Thanks. That's a nice addition to a forum where, in MY OPINION, the state of the head is too often left out. (Then again, I don't think it's an instructor's "job" to get into the student's thinking process/mental approach unless solicited and even then, it gets tricky in a hurry.) Still, after all the lessons and fine-tuning have made the skier technically proficient, getting one's game to the next level is not, obviously, about allegiance to the dos and don'ts of getting a ski on edge or the (un)weighting in deep powder, not on a conscious level, not at that point. That stuff is pretty ingrained by then, I would think.
What I'll say now somewhat addresses TAG's post re: the state of skiing today. I personally don't care much whether or not Joe or Jolene skier is "sloppy" on the slopes or not "skiing to his/her potential." My assumption is that this person is or is not content with their skiing and will act, or not, accordingly. Either way, it doesn't matter to me. (Yes, I think I am a "selfish" skier. I care about MY SKIING far beyond and above how anyone else skis, better or worse and more than where skiing is economically, etc.) I'll qualify further by saying I would never judge anyone based on skiing ability or their approach to skiing. One reason - just one - I LOVE this sport is that it IS so geared toward what the individual wants to do with it. If someone is having a great time living on blues or greens or blacks or purples or whatever, great. I say, if you're enjoying it, that's close to being enough. If you're not, I'd ask why are you doing it, but chances are you won't be doing it much longer. And that's cool, too, as far as I'm concerned. I'M thinking about how can I ski better, what do I need to work on, where are my weakest links, what scares me, etc. This approach is not intrinsically "good," it's just mine. I think most instructors here - I could be wrong - would agree that all the technique-teaching in the world is not going to get a skier past a certain point, particularly into demanding, even dangerous, terrain, unless that skier is of that mind, which is probably relatively rare. I'm guessing most skiers ARE content to spend their ski days or vacations, more or less lazily having a good time and generally skiing at the level they've been skiing all the previous years, with improvement coming from sheer mileage more than any conscious attempt to work on things.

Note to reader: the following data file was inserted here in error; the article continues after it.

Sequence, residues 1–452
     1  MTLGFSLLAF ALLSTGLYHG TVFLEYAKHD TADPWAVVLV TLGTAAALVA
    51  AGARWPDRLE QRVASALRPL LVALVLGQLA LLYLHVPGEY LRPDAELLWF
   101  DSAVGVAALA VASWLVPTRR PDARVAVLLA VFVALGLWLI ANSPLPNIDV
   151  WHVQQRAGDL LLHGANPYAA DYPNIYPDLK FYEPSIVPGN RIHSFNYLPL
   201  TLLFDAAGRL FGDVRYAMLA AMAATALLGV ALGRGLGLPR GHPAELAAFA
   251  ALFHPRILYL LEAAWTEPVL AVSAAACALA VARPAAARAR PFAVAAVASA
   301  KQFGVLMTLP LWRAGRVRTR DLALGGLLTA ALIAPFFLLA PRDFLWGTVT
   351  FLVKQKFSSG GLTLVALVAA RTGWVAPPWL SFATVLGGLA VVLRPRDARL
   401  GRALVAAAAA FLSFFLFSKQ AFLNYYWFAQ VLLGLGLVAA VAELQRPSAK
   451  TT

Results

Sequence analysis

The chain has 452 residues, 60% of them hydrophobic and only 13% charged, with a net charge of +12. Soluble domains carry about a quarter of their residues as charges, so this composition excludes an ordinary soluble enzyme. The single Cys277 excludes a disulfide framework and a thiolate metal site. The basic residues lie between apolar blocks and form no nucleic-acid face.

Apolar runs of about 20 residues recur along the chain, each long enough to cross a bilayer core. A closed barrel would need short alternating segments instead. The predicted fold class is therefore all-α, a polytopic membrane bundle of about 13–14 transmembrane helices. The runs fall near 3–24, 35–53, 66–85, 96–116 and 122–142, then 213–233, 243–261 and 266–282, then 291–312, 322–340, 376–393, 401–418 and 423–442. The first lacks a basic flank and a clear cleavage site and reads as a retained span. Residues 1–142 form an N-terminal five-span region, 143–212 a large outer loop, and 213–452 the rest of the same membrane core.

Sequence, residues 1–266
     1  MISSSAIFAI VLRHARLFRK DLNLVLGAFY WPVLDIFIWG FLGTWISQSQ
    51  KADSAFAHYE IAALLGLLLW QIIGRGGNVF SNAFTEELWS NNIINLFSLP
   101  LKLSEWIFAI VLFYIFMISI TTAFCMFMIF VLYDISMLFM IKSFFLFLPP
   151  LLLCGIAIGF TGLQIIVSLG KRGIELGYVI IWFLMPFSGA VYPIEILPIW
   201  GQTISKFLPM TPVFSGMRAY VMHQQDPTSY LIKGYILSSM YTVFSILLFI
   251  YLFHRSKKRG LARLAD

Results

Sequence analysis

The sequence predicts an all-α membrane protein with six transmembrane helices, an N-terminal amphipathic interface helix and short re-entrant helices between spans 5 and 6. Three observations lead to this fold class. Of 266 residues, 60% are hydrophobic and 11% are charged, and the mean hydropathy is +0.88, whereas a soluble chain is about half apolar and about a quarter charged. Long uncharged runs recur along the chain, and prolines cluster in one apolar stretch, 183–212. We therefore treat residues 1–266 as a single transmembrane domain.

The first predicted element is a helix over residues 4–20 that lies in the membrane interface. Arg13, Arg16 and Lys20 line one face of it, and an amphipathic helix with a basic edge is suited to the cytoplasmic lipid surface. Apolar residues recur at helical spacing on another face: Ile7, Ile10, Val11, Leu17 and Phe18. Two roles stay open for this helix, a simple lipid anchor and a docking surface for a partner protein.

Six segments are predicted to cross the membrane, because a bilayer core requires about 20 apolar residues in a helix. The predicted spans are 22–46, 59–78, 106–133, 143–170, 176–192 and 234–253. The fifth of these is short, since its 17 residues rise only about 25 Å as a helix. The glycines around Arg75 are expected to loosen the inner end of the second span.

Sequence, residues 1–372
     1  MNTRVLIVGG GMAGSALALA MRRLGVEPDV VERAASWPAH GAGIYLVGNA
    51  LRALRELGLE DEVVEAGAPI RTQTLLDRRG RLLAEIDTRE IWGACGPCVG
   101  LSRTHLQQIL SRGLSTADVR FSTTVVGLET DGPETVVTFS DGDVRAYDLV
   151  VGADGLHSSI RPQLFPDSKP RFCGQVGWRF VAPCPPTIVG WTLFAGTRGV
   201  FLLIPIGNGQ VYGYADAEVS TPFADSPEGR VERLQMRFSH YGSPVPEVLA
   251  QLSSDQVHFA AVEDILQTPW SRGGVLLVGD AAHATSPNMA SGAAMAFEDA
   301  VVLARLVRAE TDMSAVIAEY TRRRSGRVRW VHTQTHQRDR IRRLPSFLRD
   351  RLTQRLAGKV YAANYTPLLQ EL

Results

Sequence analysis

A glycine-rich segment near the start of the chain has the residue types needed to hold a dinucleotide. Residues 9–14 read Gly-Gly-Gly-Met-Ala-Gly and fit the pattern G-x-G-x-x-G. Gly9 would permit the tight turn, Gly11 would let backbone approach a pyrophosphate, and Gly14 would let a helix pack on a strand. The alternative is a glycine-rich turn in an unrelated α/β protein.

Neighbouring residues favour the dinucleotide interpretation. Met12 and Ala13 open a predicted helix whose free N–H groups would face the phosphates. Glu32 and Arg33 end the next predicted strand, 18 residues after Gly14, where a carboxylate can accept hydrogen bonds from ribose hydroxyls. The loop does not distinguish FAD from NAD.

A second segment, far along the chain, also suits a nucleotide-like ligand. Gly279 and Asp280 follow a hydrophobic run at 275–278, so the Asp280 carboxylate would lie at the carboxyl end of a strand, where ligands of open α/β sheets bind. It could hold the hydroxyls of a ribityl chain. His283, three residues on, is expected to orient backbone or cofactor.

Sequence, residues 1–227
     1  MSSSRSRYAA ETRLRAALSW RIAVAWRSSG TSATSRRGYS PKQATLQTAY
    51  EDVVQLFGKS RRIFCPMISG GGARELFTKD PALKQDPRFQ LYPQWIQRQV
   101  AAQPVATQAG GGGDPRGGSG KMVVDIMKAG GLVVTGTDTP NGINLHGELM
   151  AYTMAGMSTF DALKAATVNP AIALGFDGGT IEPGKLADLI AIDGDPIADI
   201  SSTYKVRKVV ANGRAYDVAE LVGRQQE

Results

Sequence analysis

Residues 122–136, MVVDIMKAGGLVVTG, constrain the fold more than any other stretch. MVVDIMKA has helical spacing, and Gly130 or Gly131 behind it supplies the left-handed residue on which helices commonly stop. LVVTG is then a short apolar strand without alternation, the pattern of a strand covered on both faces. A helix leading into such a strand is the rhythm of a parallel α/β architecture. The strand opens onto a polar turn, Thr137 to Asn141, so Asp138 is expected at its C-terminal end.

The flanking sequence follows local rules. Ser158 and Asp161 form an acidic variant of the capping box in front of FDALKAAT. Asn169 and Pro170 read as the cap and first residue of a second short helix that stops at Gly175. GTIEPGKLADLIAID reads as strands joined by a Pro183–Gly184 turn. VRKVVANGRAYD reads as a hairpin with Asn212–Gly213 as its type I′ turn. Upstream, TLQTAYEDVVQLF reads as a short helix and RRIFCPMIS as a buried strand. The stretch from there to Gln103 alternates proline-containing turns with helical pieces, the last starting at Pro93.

Very soon I'm going to have to stop skiing with the people I've been skiing with, and it has nothing to do with whether I like them or not. We just approach skiing in such a dissimilar fashion. And so to continue would be me compromising my passion; it would be me compromising my skiing. That I "out-ski" them has much less to do with inherent ability than sheer desire. I get to the hill, stare at the lines, start salivating. I make them jumpy because I want to ski NOW not stop till it's time to get to the airport or the parking lot. In short, I'm there to ski, not to sample the best restaurant. That's neither good or bad and for what it's worth I'm nice about expressing what I'm there to do. They're not in my way, I'm not in theirs; it's just a matter of different sensibilities re: "what skiing is" to each respective (and respectful?) person.
By the way, I'll take a PSIA lesson when I'm in Colorado in March, because I need one. And I'll need more in the future. I'm really not that close to skiing as technically well as I would like, or will need to be to get my body where my mind wants to go.